FREQUENTLY ASKED QUESTIONS
What is a Yoga Therapist and how will I know they are qualified?
Yoga Therapists have undertaken specialized training beyond that of a Yoga Teacher. Included in that training is over 1000 hours of education and clinical practice to gain a deep level of expertise in the body, both anatomy and physiology, working with mood disorders, grief, trauma, cancer or cardiac conditions, the aging body, addiction, pain, and many more.
Yoga Therapists are certified by the International Association of Yoga Therapists and will have a C-IAYT behind their name if credentialed. You can also visit IAYT.org to search for a certified yoga therapist in your area.
Yoga Therapists draw from the principles of yoga and the full range of yogic practices and assessment skills. Your Yoga Therapist will work with you to develop and implement a self-empowering therapeutic plan appropriate for your needs and oriented around prevention and health promotion.
Included in working with a Yoga Therapist, are regular check-in intervals, education about Yoga Therapy and your condition or needs, yogic lifestyle and dietary advice (that falls within the Yogic framework).
Your Yoga Therapist also has a basic understanding of different treatments and procedures from a variety of sources, and can identify and source credible and relevant information on other healthcare modalities for you, as needed.
What is Yoga Therapy?
Yoga Therapy is a therapeutic approach that empowers you, as the client or patient.
The overarching goals of Yoga Therapy include eliminating, reducing, and/or managing symptoms that cause suffering; improving function; helping to prevent the occurrence or recurrence of underlying causes of illness; and moving toward overall improved health and well-being.
One of the most important philosophies in the Yoga tradition, is that each person is viewed as a multi-dimensional being that includes body, breath, mind, emotions, and spirit. Yoga literally means "union." As such, a Yoga Therapist will assess your condition and develop a therapeutic plan that creates balance and alignment (i.e., union) across all layers of your being. A yoga therapy plan is tailored to your needs, physical ability, lifestyle and emotional state. Yoga therapy aims to create balance, such that your body is positioned for optimal healing.
What is the difference between Yoga Therapy and a yoga class?
A hallmark that differentiates group yoga therapy from group yoga classes is the presence of an individual intake and assessment for each person from Group Yoga Therapy session prior to commencing the class, personalization of the practice (s) based on the individual assessment, and re-assessment at regular intervals through out a series of classes.
Yoga classes at a local studio are most often generalized so that most of the class can enjoy it and feel better after they leave. Although they treat everyone in the class the same, the classes are still very beneficial, particularly if one is most interested in increased flexibility, mobility, and strength only.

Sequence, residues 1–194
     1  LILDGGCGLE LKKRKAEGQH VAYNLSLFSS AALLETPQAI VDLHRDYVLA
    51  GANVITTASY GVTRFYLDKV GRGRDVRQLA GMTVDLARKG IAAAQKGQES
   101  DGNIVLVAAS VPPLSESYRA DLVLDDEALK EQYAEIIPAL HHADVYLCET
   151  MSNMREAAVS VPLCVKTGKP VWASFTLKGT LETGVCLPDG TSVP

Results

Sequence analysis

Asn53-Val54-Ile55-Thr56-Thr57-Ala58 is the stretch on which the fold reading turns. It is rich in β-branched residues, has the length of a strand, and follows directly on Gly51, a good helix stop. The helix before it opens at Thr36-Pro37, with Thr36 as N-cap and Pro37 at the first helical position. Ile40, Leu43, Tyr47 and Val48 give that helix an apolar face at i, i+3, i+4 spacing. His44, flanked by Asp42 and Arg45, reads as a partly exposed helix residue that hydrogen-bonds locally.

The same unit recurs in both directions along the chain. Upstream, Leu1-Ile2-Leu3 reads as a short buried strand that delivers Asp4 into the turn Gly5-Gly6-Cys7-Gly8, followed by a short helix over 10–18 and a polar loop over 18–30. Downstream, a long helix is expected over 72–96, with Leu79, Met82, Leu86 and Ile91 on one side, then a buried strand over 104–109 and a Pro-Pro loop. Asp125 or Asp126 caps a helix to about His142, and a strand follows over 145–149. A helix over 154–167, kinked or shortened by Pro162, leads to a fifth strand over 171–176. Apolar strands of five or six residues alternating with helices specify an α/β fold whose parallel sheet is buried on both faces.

What kinds of things are included in a Yoga Therapy Plan?
Your Yoga Therapy plan is unique to you and your condition and will likely be adjusted over time as your body and mind heal. A typical yoga therapy plan will include elements of some of the following practices:
Mantras and/or chanting
Lifestyle modifiations (postural adaptations, nutrition)
Sleep hygiene recommendations
Suggested modifications for exercise and/or yoga classes
Will my Yoga Therpist work with my doctor and other health providers?
With your consent, your Yoga Therapist will contact your Health Care Provider with an outline of your Yoga Therapy Program and Progress Notes as you work together.
Your Yoga Therapist creates a specialized and tailored therapeutic plan for you that supports any prescriptions, may help mitigate side effects of treatments, recommendations, or treatments that your Provider may be treating you for.
How many times will I need to come for Yoga Therapy?
It varies. Your condition, disease, and overall therapeutic plan will dictate what and how your sessions are created, including the number of times per week or length of time.
For example, the published literature suggests for people with breast cancer, a minimum of 2 times/week for 60 minutes provide substantial benefit for managing side effects of treatment, whereas for people rehabilitating after heart by-pass surgery, the recommendations are 5 days/week for 60 minutes for a minimum of 12 weeks, along with other interventions.
Talk with your Yoga Therapist for specific recommendations.
What is Group Yoga Therapy?
Group Yoga Therapy is a series of session(s) in which your Yoga Therapist works with a small group of people who have a similar conditions or symptoms. Small groups are limited to 10 people and are great option for clients seeking community support or affordable therapy options.
These sessions are typically offered in a local studio, private office space, or clinic.
What if I've never done yoga before?
Will my insurance pay for Yoga Therapy?
It varies. If you are working with a Yoga Therapist in a clinic or hospital, your insurance may reimburse you OR the Health Care Provider may submit your claim for your specific condition to be paid and then pay the Yoga Therapist. For example: Yoga Therapy for specific back pain, Cancer, and Cardiac Rehabilitation may be covered.
If you have a Flex Health Care Spending Account or a Health Spending Account, your Yoga Therapist may accept that for payment and provide you an invoice or a receipt for payment for your records.
The International Association of Yoga Therapists (IAYT) is currently working on this issue with policy makers and insurance companies to support broader coverage of Yoga Therapy.